Came across this great post. Here's a clip:
I’ve noticed something. Kids with parents who are open and honest about their faults seem to do better in life.
I’ve been working on some material for Father’s Day this week. Perhaps a little early, but it’s had me thinking about the many great dads I’ve seen in the world. And I’ve seen plenty. My friend Paul Young (who wrote The Shack and Crossroads) has an unbelievable family of terrific kids (now adults). My dear friend John MacMurray back in Oregon is one of the greatest dads I’ve seen. I’m talking about kids who are well adjusted, high functioning, easy to talk to and seem to have nothing to prove.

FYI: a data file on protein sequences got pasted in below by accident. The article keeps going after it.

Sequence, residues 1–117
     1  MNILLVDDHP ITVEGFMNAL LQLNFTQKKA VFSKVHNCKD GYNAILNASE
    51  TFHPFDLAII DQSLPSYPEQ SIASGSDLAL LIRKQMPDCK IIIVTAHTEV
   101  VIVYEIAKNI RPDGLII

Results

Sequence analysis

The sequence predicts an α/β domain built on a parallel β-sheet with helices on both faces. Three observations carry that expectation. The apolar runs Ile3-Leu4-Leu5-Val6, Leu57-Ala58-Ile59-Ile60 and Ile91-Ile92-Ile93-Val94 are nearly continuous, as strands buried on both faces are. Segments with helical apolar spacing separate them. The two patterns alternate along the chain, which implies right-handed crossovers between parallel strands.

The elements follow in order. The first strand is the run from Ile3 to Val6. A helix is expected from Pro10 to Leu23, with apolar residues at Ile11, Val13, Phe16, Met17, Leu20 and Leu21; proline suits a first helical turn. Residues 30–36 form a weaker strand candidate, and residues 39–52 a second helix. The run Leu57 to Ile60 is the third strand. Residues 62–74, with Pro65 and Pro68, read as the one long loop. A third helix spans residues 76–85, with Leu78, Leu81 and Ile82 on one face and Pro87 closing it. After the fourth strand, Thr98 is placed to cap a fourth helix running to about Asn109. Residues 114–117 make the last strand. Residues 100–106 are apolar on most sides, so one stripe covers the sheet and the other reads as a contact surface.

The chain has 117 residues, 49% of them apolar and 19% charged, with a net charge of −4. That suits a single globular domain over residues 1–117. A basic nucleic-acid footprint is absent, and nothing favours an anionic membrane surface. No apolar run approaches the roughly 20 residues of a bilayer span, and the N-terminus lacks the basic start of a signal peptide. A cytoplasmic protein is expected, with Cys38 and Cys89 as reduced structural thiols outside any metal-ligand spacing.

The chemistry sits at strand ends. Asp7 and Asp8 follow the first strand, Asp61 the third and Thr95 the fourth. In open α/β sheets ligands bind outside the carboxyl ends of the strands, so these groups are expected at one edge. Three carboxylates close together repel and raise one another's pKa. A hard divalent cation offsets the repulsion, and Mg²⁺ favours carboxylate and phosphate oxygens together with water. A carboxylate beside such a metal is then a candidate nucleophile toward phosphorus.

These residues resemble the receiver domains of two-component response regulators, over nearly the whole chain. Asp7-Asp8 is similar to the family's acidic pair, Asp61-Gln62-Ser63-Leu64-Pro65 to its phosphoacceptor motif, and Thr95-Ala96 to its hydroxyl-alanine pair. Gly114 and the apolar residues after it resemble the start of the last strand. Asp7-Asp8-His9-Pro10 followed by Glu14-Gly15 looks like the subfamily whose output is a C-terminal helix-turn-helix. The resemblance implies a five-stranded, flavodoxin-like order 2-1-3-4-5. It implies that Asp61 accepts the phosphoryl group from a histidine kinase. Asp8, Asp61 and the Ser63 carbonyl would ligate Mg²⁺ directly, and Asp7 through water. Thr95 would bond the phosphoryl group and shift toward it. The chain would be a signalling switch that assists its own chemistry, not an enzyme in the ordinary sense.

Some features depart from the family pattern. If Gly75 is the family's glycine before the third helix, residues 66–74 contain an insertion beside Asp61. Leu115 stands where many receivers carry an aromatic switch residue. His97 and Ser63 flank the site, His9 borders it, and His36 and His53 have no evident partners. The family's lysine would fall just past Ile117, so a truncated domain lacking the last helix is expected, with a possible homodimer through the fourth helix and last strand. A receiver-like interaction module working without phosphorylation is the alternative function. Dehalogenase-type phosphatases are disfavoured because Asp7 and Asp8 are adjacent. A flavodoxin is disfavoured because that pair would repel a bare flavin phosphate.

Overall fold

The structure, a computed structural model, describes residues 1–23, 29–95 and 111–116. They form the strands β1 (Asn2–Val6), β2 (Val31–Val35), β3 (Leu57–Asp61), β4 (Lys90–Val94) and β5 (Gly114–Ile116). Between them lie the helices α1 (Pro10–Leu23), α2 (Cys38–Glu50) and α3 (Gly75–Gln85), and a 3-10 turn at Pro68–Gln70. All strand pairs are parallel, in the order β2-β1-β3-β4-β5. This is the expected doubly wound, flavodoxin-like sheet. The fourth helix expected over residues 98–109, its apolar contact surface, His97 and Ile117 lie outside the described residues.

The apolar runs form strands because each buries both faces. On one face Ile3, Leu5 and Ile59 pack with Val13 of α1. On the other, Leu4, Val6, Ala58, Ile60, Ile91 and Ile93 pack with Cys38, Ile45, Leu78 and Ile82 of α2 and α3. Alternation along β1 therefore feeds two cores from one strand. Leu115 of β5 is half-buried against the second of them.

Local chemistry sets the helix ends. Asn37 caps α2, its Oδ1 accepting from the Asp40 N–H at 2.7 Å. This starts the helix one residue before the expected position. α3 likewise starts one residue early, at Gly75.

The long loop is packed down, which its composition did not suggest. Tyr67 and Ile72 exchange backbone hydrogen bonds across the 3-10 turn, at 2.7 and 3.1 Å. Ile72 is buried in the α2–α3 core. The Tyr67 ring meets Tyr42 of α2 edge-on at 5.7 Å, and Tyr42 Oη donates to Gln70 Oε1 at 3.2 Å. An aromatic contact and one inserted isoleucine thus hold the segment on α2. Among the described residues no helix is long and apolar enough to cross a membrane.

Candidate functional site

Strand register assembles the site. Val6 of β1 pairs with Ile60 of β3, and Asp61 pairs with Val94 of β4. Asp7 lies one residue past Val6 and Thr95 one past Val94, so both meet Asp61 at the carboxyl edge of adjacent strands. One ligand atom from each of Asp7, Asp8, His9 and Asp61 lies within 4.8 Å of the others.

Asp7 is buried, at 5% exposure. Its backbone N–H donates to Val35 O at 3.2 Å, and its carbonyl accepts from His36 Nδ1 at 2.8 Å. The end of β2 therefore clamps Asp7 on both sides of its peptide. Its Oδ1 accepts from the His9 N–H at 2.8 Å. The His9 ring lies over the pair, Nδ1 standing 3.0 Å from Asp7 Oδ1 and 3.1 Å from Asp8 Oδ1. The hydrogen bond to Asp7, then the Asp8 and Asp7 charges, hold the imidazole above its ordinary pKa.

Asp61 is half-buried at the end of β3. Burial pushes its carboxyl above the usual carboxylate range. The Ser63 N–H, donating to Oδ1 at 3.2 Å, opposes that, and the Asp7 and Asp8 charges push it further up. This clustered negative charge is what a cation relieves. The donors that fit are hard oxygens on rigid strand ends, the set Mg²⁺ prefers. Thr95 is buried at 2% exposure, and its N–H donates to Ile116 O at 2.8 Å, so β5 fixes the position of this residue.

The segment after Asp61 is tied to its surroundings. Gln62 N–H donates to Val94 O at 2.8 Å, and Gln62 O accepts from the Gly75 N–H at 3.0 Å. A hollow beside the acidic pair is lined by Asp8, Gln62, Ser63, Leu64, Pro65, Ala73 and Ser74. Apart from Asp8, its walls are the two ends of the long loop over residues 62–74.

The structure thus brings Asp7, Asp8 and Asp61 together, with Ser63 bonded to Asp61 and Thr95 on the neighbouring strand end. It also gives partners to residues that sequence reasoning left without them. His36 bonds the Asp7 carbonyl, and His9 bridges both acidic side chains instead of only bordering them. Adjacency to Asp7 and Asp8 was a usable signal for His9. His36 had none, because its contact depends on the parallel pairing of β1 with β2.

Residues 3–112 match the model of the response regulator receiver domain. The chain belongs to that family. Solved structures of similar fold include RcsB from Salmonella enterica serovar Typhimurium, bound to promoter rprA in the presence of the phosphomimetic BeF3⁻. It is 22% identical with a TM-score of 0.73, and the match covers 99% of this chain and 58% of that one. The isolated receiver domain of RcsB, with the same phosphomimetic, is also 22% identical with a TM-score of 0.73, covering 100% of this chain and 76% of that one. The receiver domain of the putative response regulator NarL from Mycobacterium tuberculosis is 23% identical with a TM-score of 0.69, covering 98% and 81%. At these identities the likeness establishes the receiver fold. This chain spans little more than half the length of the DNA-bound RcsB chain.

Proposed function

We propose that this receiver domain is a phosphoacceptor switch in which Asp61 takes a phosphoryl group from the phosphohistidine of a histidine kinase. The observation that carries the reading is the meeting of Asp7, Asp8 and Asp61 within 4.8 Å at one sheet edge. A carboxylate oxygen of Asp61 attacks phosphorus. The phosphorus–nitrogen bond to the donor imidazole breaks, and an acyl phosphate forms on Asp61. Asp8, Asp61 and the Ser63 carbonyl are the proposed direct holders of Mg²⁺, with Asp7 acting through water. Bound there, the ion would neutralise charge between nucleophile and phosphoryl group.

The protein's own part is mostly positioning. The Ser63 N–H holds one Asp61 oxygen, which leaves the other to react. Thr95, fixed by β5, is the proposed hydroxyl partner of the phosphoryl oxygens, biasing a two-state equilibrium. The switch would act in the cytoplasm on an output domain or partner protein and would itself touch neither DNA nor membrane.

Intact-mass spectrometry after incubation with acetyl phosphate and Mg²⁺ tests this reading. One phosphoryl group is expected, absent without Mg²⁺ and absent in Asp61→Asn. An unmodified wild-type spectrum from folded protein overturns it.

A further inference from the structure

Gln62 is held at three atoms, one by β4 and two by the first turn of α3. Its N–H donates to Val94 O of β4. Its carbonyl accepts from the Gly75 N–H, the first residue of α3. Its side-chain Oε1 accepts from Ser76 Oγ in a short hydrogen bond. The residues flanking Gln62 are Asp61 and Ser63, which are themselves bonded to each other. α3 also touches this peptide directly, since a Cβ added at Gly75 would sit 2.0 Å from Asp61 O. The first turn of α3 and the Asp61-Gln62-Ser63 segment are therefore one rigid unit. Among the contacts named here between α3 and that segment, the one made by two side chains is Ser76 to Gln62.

Secretly (until now), I’ve noticed a common theme amongst well-adjusted kids. The theme seems to be this: Great kids come from families in which parents are real about their shortcomings. They come from families who live and believe in grace.
I’ve also noticed the opposite. Many of my friends who’ve confessed to me they’ve had problems in life come from families in which parents (and mostly the Dad, honestly) have a hard time admitting they’re wrong. Often they come from religious families in which the parents felt they had to play a role model of perfection.
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